The Stimulus and Rhythms of Atalanta

2285 Words10 Pages
The Stimulus and Rhythms of Atalanta The stimulus which, I thought would be most thought provoking and appealing was Atalanta. I found the idea of characterising a dynamic, strong vivacious woman appealing due to my strong background in theatre and acting. This enabled me to perceive hidden depths of Atalanta's character, which were not evident at first sight. Therefore, I chose this stimulus because I believed that Atalanta would be an interesting and challenging character to portray through the medium of dance. Another reason why I chose this stimulus, was the use of the cloth and costume to portray "how rhythms can be created by repeating and opposing shapes" and how "certain lines indicate motion". Due to my previous experience as a rhythmic gymnast, I was able develop original and unusual movements, because I was used to using cloth and ribbons as a means for demonstrating highly complex physical movements After receiving the stimulus, I first of all researched Atalanta. Using a variety of resources such as and the Internet, I found that Atalanta derived from Greek legend, and was a strong athletic competitor, whom no man could beat at running. This was emphasised in my dance through the use of sustained running movements and the use of pauses to emphasis the importance of the poses. This also helped to reflect the stillness of the wooden sculpture. Analysis and further research led me to conclude that the pose and expression of the sculpture Atlanta are portraying her determination and power. This was evident in the strong and dynamic movements of my dance, as well as the use of facial expressions, bodily expressions and focus. My bodily expressions were natural, controlled with an upright posture, thus helping to portray her purpose as an athlete in a race. The facial expressions portrayed her determination, thus demonstrating her strong and vivacious character, and the embodiment of power, which Atalanta represents. The combination of body and facial gestures shared in the mood and theme of both the dance and the music. Focus aided my facial expressions. It was important for the focus to be strong, not looking at the floor at any time, but either looking out into the space such as when doing an arabesque but also facing inwards to concentrate on a move, for example the running movements from the pictures. Through the use of Stanslavki's 'method-acting' I used my research to characterise a strong female woman, which was then transposed into movements. To achieve the dimensions of Atalanta's character, I profiled her, so that when I was dancing, I would embody the character, this enabled me to access her personality quickly.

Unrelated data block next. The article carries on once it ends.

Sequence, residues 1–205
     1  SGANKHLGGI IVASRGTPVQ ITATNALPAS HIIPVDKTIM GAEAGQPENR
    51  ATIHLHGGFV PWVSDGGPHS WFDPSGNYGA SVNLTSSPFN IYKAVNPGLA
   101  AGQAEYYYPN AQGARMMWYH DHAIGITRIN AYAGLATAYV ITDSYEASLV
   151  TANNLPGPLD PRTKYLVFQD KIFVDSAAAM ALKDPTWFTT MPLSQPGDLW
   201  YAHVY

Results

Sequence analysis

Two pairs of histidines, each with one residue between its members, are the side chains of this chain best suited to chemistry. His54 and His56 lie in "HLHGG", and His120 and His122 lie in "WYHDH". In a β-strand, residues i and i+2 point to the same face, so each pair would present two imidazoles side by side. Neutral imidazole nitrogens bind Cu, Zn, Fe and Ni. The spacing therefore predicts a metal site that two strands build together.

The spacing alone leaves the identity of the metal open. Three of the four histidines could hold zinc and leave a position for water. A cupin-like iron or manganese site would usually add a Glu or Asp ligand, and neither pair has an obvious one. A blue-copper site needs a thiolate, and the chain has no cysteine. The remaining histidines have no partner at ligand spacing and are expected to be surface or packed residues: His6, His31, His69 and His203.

More about The Stimulus and Rhythms of Atalanta

      Open Document